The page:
Everything in the US has a reputation for being big. The cities, the cars, even the food - it's all supersized in comparison to anything we have in Europe. So when obtaining content for our upcoming North American supplement, I decided to follow suit and go big by organising a 2,000 mile road trip with seven plant visits.
Highlights included seeing Honda's new hybrid Insight being built in Indiana, Subaru producing the large Ascent SUV alongside the Outback, Impreza and Legacy, Daimler Trucks North America (DTNA) constructing customised variants of the new Cascadia, and a visit to the brand new Constellium plant in Georgia where the supplier makes crash management systems out of aluminium. Another high point was driving my shiny new 2018 Honda Accord, which the company kindly provided for my entire trip, through the jaw-dropingly beautiful Great Smoky Mountains.
I was unsure of how I would be received with all the political unrest that is currently ongoing between the US and the rest of the world. Just weeks before my arrival, Europe said it would retaliate to steel tariffs that Trump had threatened to impose, while his discussions with China had become increasingly heated. Although it naturally came up in conversation, all but one of the companies I saw would not go on the record when speaking about US tariffs (Subaru being the exception).
Another key theme of the trip was electrification and the impact it could have on vehicle manufacturing facilities. Constellium was very bullish about its position, emphasising the potential weight savings that aluminium can provide for electrified vehicles in order to maximise range. Although the supplier only opened its plant in White, Georgia, in 2017 (the car's sat nav was unaware of the existence of the road leading to the plant), it may soon need to expand as interest in its solutions climbs.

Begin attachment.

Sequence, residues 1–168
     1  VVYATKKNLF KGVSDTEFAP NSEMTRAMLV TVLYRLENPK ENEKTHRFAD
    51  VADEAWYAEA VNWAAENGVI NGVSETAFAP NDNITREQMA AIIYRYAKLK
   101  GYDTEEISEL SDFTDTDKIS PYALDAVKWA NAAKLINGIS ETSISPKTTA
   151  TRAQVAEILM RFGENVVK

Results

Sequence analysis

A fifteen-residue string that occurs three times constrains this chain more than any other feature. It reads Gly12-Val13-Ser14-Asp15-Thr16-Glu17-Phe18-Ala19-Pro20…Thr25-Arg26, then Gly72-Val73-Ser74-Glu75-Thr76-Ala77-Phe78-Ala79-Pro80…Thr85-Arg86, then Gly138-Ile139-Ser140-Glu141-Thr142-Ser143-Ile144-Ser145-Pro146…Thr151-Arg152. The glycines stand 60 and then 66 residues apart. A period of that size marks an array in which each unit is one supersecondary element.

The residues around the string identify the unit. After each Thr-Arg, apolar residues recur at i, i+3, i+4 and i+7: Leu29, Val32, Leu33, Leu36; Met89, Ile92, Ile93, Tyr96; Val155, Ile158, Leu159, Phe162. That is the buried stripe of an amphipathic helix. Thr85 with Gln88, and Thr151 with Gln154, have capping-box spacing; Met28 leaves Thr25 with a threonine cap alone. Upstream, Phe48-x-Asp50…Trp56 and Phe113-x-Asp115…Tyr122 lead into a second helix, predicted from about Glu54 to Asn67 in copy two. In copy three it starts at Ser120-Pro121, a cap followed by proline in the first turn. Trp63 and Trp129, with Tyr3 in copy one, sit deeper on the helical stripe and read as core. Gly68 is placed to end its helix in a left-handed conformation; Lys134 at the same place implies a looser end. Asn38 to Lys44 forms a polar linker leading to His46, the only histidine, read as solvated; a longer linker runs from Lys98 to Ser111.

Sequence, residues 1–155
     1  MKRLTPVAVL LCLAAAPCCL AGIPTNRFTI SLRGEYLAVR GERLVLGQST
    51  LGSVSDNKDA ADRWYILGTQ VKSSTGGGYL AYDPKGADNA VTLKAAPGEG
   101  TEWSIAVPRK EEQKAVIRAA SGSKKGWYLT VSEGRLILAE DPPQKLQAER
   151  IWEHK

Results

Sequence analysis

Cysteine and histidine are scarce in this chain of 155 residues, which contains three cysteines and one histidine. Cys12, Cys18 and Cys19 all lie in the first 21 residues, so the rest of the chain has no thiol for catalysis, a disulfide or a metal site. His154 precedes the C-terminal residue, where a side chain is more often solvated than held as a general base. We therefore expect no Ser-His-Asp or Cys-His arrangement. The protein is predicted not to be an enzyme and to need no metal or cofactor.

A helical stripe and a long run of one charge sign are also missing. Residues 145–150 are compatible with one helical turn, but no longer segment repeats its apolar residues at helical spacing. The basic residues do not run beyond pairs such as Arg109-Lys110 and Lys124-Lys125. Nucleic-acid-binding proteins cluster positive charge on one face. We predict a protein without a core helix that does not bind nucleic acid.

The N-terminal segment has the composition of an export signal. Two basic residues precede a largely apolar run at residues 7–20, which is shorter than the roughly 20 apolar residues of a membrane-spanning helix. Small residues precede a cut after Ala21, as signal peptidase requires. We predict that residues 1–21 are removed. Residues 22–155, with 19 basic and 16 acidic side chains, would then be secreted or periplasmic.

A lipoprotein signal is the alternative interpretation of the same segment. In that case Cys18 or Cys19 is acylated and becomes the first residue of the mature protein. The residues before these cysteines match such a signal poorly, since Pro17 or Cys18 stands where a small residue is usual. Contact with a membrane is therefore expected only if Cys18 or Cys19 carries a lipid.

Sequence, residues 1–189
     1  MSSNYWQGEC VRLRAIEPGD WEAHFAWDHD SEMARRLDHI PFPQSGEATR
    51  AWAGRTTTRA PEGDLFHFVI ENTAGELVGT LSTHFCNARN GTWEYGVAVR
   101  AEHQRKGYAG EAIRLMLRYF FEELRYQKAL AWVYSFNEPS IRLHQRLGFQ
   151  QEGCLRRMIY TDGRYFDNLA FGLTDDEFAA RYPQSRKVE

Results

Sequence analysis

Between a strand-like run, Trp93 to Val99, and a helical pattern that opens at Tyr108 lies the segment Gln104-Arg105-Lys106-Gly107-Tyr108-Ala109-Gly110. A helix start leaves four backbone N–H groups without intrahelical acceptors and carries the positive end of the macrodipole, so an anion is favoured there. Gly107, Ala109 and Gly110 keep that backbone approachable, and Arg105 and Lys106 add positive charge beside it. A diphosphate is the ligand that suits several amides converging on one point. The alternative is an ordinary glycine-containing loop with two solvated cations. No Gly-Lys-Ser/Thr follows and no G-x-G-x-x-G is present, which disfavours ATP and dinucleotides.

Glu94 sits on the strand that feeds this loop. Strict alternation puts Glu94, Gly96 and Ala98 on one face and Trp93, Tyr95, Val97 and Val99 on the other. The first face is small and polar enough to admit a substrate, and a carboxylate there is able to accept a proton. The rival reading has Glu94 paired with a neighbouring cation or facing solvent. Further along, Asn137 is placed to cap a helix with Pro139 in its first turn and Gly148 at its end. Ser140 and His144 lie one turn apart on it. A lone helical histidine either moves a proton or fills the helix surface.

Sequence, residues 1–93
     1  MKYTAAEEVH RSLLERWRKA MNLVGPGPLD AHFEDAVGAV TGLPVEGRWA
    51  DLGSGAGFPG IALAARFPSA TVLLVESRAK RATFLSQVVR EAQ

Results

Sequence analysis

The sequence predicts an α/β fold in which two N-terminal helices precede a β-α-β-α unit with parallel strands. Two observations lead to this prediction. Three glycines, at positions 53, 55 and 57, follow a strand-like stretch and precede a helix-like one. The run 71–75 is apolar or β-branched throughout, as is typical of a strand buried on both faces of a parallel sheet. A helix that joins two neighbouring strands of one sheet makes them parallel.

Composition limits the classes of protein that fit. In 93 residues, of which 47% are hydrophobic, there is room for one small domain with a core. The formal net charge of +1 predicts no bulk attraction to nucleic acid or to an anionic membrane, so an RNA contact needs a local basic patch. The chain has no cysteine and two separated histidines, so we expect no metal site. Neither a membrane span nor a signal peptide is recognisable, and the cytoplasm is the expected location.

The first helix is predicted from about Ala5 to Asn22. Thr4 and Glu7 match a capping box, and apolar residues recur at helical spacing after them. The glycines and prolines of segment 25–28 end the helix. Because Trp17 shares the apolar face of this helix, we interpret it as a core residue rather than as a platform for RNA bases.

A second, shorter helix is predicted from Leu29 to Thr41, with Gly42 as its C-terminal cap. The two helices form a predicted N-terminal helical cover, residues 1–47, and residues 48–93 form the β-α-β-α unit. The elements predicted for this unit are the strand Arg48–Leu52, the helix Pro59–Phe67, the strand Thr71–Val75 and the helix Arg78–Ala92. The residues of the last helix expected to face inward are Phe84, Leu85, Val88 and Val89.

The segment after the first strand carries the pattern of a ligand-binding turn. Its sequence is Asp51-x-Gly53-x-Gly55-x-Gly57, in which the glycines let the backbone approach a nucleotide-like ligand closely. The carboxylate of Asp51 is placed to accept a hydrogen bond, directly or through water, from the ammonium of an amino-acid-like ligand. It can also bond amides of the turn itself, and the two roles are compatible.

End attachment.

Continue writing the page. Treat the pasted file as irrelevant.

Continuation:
Honda gave a run down on the challenges it faced when starting production of the Insight at Indiana, such as building the vehicle's unique body structure, accommodating in-house subassembly of the front-end module, and installation of electrified vehicle systems like the high-voltage wiring, the battery unit and power control system. Other companies alluded to potential changes taking place to their plants in the not-too-distant future - so it was clear that the hype surrounding vehicle electrification is not just one that is exclusive to media coverage.
Yet US consumers continue to be more interested in buying big wheels than investing in electric. The latest statistics from Kelley Blue Book suggest that both demand for and value of electrified vehicles is creeping up amid rising gas prices, but realistically, sales figures remain minuscule in comparison to demand for pick-ups and large SUVs. Regardless of the current mix, vehicle manufacturers and suppliers are keen to ensure that their facilities are future-proof, and are therefore working to maximise flexibility across all processes.
An expert at Honda's Indiana plant put it elegantly: "Consumer preference and demand for certain models can change rapidly. We have to be ready for tomorrow, and that means we must make sure we can build different types of vehicles, whether they are large or small, electrified or not."